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Volume 480 Issue 7378, 22 December 2011

This week we identify Nature�s 10, ten newsmakers who have had a big influence on science in the past year. They are physicist Dario Autiero, seven-billionth baby Danica M. Comacho, US environment-agency head Lisa Jackson, radioisotope researcher Tatsuhiko Kodama, CERN engineer Mike Lamont, microbiologist and blogger Rosie Redfield, physics entrepreneur John Rogers, astronomer Sara Seager, former Egyptian prime minister Essam Sharaf and psychologist Diederik Stapel. Read about their contributions from page 437.

Editorial

  • Editorial |

    President Barack Obama's stance on an emergency contraceptive betrays his promised principles of scientific integrity and sets a troubling precedent for political interference in 'inconvenient' science.

  • Editorial |

    Brazilian lawmakers should not weaken their stance on deforestation to appease landowners.

  • Editorial |

    As the year ends, Nature highlights individuals who rose to prominence — or fell from grace.

World View

  • World View |

    The discovery of the Higgs boson will complete the standard model — but it could also point the way to a deeper understanding, says Gordon Kane.

    • Gordon Kane

Research Highlights

Seven Days

  • Seven Days |

    The week in science: Cornell to build US$2-billion science campus in New York; Kepler finds a twin Earth; and Fukushima is declared to be in cold shutdown.

News

Correction

News

  • News |

    From neutrinos to stem cells: a round-up of the year in research and science policy.

    • Richard Van Noorden
  • News |

    Flying rhinos and furious rats vie with graphene knots and space technology in 2011’s most striking pictures.

    • Daniel Cressey

News Feature

  • News Feature |

    Ten people who mattered this year.

    • Declan Butler
    • Ewen Callaway
    • Mohammed Yahia

Comment

  • Comment |

    The past year has shown how prone a highly networked society is to abrupt change. The future of our complex world, says Philip Ball, depends on becoming resilient to shocks.

    • Philip Ball
  • Comment |

    Peer review continues long after a paper is published, and that analysis should become part of the scientific record, say Adam Marcus and Ivan Oransky.

    • Adam Marcus
    • Ivan Oransky

Books & Arts

  • Books & Arts |

    Carl Zimmer charts the boom in electronic publishing and what that spells for wood pulp and ink.

    • Carl Zimmer
  • Books & Arts |

    For the past decade, physicist Kenneth Libbrecht has been studying how ice crystals form, taking thousands of photographs of their intricate structures. He describes how he grows snowflakes in his lab at the California Institute of Technology in Pasadena, and never tires of tracking the real thing in the far north.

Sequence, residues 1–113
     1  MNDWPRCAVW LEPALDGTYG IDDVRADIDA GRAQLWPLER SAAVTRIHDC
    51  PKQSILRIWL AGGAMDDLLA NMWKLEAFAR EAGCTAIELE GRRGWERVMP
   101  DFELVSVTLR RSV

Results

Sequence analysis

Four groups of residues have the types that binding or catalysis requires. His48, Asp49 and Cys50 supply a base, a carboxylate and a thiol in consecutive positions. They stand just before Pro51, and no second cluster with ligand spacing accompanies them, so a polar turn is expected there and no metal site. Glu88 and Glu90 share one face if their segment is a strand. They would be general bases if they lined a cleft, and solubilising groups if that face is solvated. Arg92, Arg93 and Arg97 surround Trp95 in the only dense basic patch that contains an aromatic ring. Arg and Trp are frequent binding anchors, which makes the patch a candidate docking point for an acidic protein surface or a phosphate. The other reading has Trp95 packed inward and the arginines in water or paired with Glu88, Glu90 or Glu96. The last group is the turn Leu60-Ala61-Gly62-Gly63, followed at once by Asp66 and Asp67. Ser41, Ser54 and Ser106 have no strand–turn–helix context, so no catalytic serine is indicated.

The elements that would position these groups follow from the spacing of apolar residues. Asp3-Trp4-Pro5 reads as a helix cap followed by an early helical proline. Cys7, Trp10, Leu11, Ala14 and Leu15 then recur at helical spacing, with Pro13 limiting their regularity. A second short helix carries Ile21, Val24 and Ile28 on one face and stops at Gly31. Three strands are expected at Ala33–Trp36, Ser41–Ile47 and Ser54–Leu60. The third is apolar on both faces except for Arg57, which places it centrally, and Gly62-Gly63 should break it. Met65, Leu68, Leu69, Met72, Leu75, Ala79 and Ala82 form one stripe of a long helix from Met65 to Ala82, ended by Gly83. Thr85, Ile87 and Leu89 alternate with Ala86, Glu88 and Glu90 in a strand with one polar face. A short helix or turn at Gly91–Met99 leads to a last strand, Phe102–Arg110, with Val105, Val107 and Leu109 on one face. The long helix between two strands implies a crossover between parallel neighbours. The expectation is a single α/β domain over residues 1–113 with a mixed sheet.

• Jascha Hoffman

Correspondence

Obituary

News & Views

  • News & Views |

    A planetary system has been found in a startlingly tight orbit around an evolved star. The finding challenges the idea that close-in planets are destroyed as their host star evolves. See Letter p.496

    • Eliza M. R. Kempton
  • News & Views |

    The major threats to amphibian species include pandemic disease and changes in climate and in land use. A study of the global distributions of these threats predicts that they will affect most amphibians by 2080. See Letter p.516

    • Ross A. Alford
  • News & Views |

    A technique for cooling ultracold atoms in optical lattices has been demonstrated. This advance should allow the physics of strongly correlated systems, including that of quantum magnetism, to be explored. See Letter p.500

    • Gretchen K. Campbell
  • News & Views |

    Unusual lattice vibrations have been discovered in scandium trifluoride — a simple compound that shrinks when heated. This finding may help to explain the phenomenon of negative thermal expansion.

    • J. Paul Attfield
  • News & Views |

    In mammals, molecular clocks regulate transcription and glucose homeostasis. One way they do so is by controlling glucocorticoid-receptor signalling, which suggests that clocks are embedded in liver metabolism. See Letter p.552

    • Joseph Bass
  • News & Views |

    Adapted extracts from selected News & Views articles published this year.

Review Article

  • Review Article |

    Recent advances in amide-bond-forming reactions are reviewed and summarized, highlighting the successful implementation of new synthetic methodologies and the limitations that need to be overcome to efficiently make the next generation of conventional small-molecule pharmaceuticals, therapeutic peptides, and natural and non-natural proteins.

    • Vijaya R. Pattabiraman
    • Jeffrey W. Bode

Article

Letter

Feature

Column

  • Column |

    Postdoc committees can give insight into industry career paths, argue Christopher Tsang and Michael Fisher.

    • Christopher Tsang
    • Michael Fisher

Futures

Outlook

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